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Wild Nothing's Jack Tatum: Five Essential Cure Songs

Wild Nothing's Jack Tatum (photo courtesy of Captured Tracks, PR)

Wild Nothing's Jack Tatum (photo courtesy of Captured Tracks, PR)


[August 2018 update: Wild Nothing's Jack Tatum is on the brink of releasing a fourth album, called Indigo, on August 31 followed by a North American tour this autumn. And as Tatum also marks his first decade of making music, one of his beloved bands, the Cure, recently celebrated its 40th anniversary with an uplifting (even for the Cure) concert at London's Hyde Park in early July with a line-up that included Slowdive, Interpol, Goldfrapp, and Ride. In addition, the Cure's Robert Smith curated this summer's 25th annual Meltdown Festival at London's Southbank Centre, pulling together a dazzling roster of acts he admires like Nine Inch Nails, My Bloody Valentine, Manic Street Preachers, Kristin Hersh, Mogwai, and the Psychedelic Furs. Sadly, Frightened Rabbits were also on that bill and following Scott Hutchison's tragic death in May, Smith replaced what would have been the band's set with a panel on mental health awareness and the music industry.]

Back when Wild Nothing's Jack Tatum visited WFUV for a session in 2013, in support of his lovely second album, Nocturne, he spoke of his admiration of Fleetwood Mac, Kate Bush, and shoegaze bands like Slowdive. His impressive 2010 debut, Gemini, deftly embraced the grey, dream-pop terrain of Cocteau Twins, The Go-Betweens, and the Cure.

For his most recent album, the bold Life of Pause, Tatum found inspiration in the guise of Philly soul; but the former Brooklyn resident (he's a recent Los Angeles transplant) still harbors a fondness for the Cure and the bands that shaped Wild Nothing's early sound.

FUV asked Tatum to come up with a list of some of his "Five Essential Cure Songs" for FUV Essentials and his selections include a long-lost B-side that's been cropping up in the Cure's 2016 tour.

Wild Nothing's Jack Tatum: Five Essential Cure Songs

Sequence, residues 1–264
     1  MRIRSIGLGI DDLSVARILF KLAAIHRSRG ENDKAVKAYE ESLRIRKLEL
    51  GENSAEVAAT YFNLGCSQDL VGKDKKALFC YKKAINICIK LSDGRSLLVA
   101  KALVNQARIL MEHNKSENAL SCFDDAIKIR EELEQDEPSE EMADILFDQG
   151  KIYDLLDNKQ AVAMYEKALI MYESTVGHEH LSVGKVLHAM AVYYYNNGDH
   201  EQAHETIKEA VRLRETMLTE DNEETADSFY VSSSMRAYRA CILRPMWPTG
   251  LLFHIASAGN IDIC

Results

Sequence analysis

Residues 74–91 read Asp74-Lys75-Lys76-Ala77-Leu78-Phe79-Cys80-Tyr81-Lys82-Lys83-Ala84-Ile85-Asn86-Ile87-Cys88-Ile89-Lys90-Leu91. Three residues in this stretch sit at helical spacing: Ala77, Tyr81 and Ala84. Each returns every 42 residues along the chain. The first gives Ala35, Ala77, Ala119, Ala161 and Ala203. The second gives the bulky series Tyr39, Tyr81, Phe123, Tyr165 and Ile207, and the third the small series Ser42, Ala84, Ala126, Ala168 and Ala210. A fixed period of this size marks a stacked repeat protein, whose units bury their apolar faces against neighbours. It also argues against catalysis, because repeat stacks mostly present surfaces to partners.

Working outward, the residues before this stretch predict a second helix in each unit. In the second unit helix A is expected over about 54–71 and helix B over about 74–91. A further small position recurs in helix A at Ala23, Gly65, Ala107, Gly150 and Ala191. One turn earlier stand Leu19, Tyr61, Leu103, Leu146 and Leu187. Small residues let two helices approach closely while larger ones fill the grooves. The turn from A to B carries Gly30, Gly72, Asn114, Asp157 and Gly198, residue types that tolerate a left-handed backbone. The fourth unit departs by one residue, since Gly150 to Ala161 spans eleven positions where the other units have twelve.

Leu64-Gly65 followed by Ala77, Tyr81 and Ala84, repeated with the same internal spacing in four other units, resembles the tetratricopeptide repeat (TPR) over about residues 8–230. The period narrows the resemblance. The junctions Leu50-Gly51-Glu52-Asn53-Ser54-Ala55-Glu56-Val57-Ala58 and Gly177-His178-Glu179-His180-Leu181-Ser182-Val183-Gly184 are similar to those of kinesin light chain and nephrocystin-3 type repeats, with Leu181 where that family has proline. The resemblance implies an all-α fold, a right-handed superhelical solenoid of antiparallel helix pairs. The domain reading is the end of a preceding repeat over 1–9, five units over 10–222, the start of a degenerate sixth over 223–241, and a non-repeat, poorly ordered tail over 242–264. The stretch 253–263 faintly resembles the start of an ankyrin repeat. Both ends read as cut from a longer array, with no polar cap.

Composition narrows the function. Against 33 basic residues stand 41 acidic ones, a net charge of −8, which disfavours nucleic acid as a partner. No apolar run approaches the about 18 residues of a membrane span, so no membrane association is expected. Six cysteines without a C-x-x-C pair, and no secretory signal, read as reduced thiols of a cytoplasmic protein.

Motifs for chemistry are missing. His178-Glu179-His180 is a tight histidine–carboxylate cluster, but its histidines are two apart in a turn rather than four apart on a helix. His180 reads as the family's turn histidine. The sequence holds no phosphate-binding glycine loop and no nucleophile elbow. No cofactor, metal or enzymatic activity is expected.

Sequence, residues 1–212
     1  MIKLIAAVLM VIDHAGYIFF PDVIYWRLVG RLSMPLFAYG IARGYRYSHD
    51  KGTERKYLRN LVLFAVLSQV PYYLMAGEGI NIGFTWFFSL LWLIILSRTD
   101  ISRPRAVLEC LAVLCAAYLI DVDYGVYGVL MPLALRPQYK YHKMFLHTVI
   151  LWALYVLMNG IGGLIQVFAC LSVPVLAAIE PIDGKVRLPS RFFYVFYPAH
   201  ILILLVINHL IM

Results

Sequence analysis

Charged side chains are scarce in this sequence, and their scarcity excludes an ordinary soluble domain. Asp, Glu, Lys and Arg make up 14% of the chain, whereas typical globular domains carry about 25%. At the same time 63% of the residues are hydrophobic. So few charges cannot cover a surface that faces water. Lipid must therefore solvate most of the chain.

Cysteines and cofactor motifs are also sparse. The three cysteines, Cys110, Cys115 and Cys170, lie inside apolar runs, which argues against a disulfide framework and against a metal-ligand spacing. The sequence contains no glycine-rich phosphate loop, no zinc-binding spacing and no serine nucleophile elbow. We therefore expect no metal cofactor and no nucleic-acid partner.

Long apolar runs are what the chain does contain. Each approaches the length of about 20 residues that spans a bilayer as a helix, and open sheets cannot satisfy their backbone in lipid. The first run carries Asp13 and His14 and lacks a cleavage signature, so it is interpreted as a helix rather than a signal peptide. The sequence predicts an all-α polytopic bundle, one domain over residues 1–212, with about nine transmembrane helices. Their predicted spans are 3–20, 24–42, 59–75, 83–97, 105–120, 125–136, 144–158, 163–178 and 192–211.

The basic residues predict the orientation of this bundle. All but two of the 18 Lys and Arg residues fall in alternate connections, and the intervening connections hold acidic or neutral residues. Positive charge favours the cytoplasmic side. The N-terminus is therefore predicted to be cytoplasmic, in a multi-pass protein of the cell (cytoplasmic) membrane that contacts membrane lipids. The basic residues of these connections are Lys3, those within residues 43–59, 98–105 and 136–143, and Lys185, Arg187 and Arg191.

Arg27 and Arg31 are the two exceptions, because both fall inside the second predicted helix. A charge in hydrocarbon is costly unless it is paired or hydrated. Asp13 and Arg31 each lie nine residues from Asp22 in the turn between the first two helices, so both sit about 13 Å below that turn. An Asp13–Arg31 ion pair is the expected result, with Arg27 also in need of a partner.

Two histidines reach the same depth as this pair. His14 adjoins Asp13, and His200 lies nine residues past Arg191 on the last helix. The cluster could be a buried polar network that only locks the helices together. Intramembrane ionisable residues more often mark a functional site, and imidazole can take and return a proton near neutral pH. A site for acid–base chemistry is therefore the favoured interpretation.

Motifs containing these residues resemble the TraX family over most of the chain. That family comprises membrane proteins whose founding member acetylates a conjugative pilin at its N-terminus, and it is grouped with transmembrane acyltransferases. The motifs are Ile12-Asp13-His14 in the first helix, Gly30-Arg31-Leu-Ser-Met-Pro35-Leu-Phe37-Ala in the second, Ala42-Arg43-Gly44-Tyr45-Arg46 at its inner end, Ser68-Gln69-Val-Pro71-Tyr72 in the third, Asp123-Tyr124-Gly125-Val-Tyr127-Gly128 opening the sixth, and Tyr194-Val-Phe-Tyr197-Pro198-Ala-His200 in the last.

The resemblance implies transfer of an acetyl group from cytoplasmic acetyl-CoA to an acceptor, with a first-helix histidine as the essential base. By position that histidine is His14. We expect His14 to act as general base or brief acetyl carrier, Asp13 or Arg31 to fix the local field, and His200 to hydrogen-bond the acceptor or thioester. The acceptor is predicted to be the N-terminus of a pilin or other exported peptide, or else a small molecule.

So I'd feel weird calling this an "essential" list of songs by the Cure (there are much bigger fans who could handle that question better), but for me these are the songs that mean the most to me for whatever reason:

"Charlotte Sometimes," a single but found on Faith (Deluxe Edition)
I'm not actually that drawn to a lot of the Cure's early work, which is probably stupid, even blasphemous maybe. I respect those first few records a lot and, of course, there are classic songs littered throughout, but my own personal love affair with the Cure starts with this song. It's fairly dark but as with a lot of the Cure's music it doesn't feel menacing to me. Musically it's also pretty simple which feels and felt inviting especially as I was starting to write some of the early Wild Nothing songs and thinking about rhythm.

"The Caterpillar," The Top
The Top is a weird record, but it also happens to be home to what I feel like is the first really great Cure pop song after "Boys Don't Cry." It's an extremely catchy song, but also has a lot of unique elements to it like the chaotic intro and the super-layered and panned vocal effects.

"Six Different Ways," The Head on the Door
I really love The Head On The Door-era Cure. Hard to pick a favorite, but I've always been drawn to this song. The instrumentation is really varied on this record and this song is a good example of that. I guess it must've been the DX7 they were using for a lot of these sounds which is pretty iconic in a cheesy sort of way.

"The Exploding Boy," B-side of "In Between Days"
The fact that this song never turned up on an LP sort of baffles me because it's such a great song. I guess that's just a testament to how many great songs Robert Smith has written. I'm a sucker for sax, especially in this context. In my opinion this is the best Cure B-side.

"Disintegration," Disintegration
It would feel wrong to not include a song from this record and for me, the title track is the most powerful song of them all. I love the build; it's just an extremely epic song. Seeing them play this song live a few years ago, broken glass sample and all, was very moving.

- Jack Tatum, Wild Nothing
June 2016

Read all of FUV's Five Essentials.